After completing his Master of Science in Biostatistics and Data Science at Weill Cornell Medicine, Hongzhe Zhang wants a job where he can “rub my chin and think.”
That’s something Hongzhe has been doing for as long as he can remember. First, he questioned how two people in a small classroom could so often share a birthday. Then he learned about binomial distribution. Next, he wondered if it made sense for his high school classmates to switch queues in the crowded cafeteria. He learned the statistical explanation behind why they shouldn’t during his final year at University College London.
Now, Hongzhe is using his innate curiosity to help prevent patients from experiencing future depressive episodes.
Working alongside Dr. Samprit Banerjee and Dr. Jihui Lee, Hongzhe is conducting a project using mobile health data from a diverse group of New Yorkers. Participating patients’ mobile phones collect data on the number of steps walked, total hours of sleep, the number of sleep interruptions per night, and more. Ultimately, the team wants to predict when these patients are at risk of suffering from depressive episodes, then intervene with helpful messages. Hongzhe has developed an algorithm to help take away some of the “noise” and detect days when participants aren’t using their mobile phones very much. This is a first step in predicting risk of depressive episodes.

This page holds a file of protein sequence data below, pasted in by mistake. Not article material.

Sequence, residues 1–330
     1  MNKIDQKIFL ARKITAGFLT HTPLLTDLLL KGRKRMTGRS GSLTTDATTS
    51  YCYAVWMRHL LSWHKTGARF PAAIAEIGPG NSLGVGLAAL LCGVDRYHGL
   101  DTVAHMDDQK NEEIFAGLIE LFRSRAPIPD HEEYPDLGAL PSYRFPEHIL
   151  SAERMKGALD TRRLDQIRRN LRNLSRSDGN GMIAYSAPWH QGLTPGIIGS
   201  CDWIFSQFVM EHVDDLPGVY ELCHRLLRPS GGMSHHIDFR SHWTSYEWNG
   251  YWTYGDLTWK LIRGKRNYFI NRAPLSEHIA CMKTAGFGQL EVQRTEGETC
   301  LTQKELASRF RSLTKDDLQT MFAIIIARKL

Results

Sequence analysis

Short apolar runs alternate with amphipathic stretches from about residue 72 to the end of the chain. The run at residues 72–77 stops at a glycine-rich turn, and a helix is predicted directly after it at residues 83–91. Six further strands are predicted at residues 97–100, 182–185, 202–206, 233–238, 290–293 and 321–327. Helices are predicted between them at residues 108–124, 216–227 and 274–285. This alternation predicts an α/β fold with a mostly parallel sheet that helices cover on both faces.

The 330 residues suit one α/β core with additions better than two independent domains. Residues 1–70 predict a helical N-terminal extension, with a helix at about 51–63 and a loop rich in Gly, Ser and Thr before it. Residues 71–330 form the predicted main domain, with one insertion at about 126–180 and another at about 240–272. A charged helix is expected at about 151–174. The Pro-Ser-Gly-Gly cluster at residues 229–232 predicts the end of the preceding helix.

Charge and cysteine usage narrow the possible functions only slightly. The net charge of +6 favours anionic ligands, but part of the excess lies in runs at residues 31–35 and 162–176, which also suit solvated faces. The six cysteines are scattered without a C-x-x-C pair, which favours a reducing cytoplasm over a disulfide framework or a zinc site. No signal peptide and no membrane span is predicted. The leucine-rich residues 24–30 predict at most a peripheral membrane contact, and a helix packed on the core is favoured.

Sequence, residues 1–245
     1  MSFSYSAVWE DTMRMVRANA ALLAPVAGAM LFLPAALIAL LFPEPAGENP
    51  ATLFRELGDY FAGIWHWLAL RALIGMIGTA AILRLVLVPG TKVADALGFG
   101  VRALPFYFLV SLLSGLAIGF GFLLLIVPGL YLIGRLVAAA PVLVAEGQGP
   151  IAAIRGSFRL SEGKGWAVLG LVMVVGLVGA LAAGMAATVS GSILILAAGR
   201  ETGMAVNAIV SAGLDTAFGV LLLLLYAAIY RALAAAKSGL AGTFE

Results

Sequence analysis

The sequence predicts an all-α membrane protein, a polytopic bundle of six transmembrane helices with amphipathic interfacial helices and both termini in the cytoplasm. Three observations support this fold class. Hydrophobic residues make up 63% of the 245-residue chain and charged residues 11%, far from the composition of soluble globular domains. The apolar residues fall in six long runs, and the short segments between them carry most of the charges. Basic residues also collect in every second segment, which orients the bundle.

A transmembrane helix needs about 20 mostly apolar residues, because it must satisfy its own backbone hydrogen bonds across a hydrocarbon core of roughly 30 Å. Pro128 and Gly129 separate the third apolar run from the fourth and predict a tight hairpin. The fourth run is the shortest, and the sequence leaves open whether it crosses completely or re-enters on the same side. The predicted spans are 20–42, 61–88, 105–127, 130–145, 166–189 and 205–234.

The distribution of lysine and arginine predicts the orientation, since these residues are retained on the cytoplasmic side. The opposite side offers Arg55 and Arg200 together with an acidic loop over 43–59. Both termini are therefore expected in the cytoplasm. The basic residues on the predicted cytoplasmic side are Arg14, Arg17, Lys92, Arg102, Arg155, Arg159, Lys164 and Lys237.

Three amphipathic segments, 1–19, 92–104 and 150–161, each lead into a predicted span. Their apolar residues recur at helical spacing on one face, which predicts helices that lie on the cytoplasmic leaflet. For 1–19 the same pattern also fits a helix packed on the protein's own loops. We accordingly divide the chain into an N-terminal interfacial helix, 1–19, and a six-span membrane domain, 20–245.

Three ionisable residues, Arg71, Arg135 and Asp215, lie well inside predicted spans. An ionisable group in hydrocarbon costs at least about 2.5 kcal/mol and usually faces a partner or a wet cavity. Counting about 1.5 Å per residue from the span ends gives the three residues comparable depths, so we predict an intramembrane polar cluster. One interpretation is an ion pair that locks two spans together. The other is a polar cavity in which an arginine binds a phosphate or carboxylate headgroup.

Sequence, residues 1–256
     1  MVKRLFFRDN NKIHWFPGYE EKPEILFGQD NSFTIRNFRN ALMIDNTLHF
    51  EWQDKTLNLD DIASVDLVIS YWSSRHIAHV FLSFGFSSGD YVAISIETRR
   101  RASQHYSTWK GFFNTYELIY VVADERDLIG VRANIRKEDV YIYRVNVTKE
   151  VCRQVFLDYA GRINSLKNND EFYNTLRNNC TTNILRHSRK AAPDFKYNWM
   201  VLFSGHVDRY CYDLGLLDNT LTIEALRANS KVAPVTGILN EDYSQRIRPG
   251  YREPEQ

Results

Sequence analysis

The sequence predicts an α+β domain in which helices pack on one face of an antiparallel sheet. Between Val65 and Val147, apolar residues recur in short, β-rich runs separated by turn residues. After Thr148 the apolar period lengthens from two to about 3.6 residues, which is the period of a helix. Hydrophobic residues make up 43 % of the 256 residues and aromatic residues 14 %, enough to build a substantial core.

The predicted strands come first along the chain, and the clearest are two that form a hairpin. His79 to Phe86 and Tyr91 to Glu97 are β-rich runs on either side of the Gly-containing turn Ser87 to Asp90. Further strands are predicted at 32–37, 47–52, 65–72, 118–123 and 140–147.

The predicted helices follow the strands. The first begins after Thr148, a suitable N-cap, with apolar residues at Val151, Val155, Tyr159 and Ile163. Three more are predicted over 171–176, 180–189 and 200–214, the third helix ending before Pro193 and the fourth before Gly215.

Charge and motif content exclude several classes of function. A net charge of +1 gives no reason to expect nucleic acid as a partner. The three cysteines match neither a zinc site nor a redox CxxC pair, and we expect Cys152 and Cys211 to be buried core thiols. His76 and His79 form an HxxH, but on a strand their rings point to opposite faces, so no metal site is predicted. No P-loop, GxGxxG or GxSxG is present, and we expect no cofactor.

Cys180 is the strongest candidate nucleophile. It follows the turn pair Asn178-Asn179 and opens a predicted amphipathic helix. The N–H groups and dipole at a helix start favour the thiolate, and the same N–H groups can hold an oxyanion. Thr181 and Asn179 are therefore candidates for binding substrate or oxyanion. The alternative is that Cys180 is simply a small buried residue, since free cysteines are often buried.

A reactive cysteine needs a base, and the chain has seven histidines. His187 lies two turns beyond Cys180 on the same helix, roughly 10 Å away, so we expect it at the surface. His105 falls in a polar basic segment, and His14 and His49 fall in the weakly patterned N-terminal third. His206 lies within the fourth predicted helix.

“For me, statistics gives me mathematical equations and hypothetical ways to solve hypothetical problems,” Hongzhe explains. “But it also gives me real world insight. To my knowledge, no one has done this kind of thing.”
After completing the project, Hongzhe hopes to pursue a Ph.D. program and continue questioning what he knows about the world around him. Dr. Lee and Dr. Banerjee have helped Hongzhe harness that ambition and focus on what’s next. “Dr. Lee was one of the first to recommend I go into a Ph.D. program. If I ask her questions, she not only explains them to me, but she also asks me why I want to know so she can give me suggestions about what I need to learn in the future,” Hongzhe says. “She also encouraged me to talk with Dr. Banerjee, who takes time each term to meet with students and show he really wants to help students. That’s pretty important to me.”
So, what’s Hongzhe’s biggest goal? Developing a new branch of learning methods.
“If a student in the future asks a teacher, ‘What about something like this?’, the teacher can tell the student, ‘That’s the Hongzhe method you can use’.”